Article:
Marriage is one of the most important relationships, but it can also be one of the most confusing! There are so many false beliefs perpetuating about what a good marriage really looks like. And while we may know in our minds that other couples have struggles as well, it’s not always something we talk about. Here are 4 common marriage myths:
Dr. Tina Sellers, author of Sex, God, and the Conservative Church, defines sexual shame as “a visceral feeling of humiliation and disgust toward one’s own body and identity as a sexual being, and a belief of being abnormal, inferior, and unworthy.”
Most of us grew up in a culture where parents didn’t often talk openly with their kids about bodies and sex, and a good number of us still don’t really know what to say to our own kids about the topic. In schools, many sex-education courses focuses on abstinence and skirt around topics deemed more appropriate for home discussions. Combined with our distorted, sex-saturated media, it’s no wonder so many individuals grow up with feelings of shame or inadequacy surrounding their bodies and their sexuality.
These feelings interfere with the development of our most important relationships, but they don’t have to.
Dr. Sellers suggests four steps for overcoming sexual shame:
The first step is to Frame. Framing means gaining accurate information on sexuality. Some of my favorite books on bodies, sex, and intimacy are:
For kids: “Sex is a Funny Word” by Cory Silverberg
For girls: “The Care and Keeping of You” by Valorie Schaefer
For boys: “Dating and Sex: A Guide for the 21st Century Teen Boy” by Andrew Smiler
For parents of teens: “For Goodness Sex” by Al Vernacchio
On female sexuality: “Come as You Are” by Emily Nagoski
On male sexuality: “The New Male Sexuality, Revised Edition” by Bernie Zilbergeld
For LDS couples: “What Your Parents Didn’t Tell You About Sex” by Anthony Hughs
There are many more great resources out there. Having accurate and open information about your body and what “normal” looks like can help dispel the sexual myths you may have picked up growing up or through media. Education can calm anxiety and help lay out a plan for gaining the approach to sexuality that you’d like to have in your life.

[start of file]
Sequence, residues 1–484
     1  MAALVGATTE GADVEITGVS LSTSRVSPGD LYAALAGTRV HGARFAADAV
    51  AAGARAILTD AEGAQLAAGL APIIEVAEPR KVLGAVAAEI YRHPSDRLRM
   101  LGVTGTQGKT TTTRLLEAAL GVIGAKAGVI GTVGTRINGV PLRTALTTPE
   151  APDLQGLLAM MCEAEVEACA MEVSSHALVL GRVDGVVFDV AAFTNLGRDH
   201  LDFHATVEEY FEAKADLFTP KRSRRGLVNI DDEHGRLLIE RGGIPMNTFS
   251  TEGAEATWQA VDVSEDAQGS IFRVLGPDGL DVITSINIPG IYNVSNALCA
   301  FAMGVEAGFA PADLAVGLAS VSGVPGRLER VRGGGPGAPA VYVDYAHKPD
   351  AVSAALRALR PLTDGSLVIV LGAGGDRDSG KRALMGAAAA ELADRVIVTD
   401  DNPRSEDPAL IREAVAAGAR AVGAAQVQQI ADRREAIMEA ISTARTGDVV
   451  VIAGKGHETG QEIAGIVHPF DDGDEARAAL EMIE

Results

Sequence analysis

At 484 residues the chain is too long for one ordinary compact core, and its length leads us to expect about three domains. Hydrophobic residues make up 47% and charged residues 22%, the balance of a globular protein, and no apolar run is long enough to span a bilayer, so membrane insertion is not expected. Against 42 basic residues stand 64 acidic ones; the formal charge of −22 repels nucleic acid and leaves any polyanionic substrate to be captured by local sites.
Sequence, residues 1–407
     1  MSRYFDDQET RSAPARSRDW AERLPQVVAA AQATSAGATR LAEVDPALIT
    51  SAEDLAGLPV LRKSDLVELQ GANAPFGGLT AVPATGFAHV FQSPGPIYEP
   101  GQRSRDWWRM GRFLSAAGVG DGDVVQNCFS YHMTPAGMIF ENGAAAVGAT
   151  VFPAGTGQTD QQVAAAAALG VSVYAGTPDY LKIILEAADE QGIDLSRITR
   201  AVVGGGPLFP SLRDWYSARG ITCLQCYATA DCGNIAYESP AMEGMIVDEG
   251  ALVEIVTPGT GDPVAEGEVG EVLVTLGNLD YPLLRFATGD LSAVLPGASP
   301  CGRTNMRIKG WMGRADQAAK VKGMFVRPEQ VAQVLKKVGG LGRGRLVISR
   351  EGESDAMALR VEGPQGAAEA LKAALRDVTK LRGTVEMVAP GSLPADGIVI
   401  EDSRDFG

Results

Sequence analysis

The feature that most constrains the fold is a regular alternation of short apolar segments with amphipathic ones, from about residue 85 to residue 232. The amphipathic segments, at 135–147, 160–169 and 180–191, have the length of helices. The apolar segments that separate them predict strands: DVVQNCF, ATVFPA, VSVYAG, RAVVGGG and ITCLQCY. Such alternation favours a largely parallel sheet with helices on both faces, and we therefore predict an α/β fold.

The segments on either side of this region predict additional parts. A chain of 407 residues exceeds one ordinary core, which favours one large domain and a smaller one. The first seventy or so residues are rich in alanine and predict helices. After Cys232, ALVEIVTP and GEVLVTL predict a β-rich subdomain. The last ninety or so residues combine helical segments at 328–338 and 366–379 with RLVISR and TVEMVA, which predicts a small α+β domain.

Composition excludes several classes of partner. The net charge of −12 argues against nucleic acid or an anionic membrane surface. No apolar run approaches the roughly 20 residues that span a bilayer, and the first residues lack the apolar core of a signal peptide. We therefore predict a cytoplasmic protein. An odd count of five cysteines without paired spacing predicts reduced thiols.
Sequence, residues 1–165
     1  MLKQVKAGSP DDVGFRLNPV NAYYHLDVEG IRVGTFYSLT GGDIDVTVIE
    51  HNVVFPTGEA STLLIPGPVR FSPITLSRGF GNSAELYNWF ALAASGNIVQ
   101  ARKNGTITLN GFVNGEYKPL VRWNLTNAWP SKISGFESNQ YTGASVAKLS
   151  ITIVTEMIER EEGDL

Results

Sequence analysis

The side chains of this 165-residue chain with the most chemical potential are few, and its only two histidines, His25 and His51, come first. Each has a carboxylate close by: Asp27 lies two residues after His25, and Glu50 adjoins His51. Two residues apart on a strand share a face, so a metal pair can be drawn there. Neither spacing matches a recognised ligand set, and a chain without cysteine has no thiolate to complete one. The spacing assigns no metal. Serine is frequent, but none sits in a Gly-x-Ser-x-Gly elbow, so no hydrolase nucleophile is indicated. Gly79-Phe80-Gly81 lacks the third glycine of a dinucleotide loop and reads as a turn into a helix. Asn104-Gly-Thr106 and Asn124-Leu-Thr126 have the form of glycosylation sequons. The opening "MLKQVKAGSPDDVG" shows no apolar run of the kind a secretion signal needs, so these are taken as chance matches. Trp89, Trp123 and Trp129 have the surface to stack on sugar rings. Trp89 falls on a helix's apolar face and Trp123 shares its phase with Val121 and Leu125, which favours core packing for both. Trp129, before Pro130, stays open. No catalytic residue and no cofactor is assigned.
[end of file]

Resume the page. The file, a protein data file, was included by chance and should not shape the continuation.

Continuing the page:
Dr. Sellers’ second step is to Name. This means finding a group you feel safe in, where you can tell your story and feel heard. This could be a therapy group, it could be a book group (using any of the above suggestions!), it could be an online support group. The important thing is to find a place where people can really hear and understand you so that you can name, or verbalize your own story.
The third step is Claim: Where sex is used so commonly to sell products (either by sexualizing our lunch or pointing out our flaws in order to get us to buy the product that will “fix” everything), media and marketing can throw a real punch to our sense of self worth. We need to claim our right to be okay just the way we are. If this is an area you struggle with, reading books and sharing your story can help, but sometimes you might find you need extra help learning to heal internalized shame. Find a therapist to talk to. Practice challenging negative self-talk. Claim the amazing things that make you who you are.
The last step is Aim. Aim means to write a new story for yourself. We all have stories or narratives that we tell ourselves, and if the old one hasn’t been helpful, begin writing a new story. Learning to look at your past in new ways can help open up potential for growth and new discoveries in your future. Let the keyword for your new narrative be “hope.”
If you have struggled with shame in connection with your body or sexuality and it’s holding you back from creating the connection and pleasure you hope for in your relationships, call and schedule an appointment today at 801-944-4555.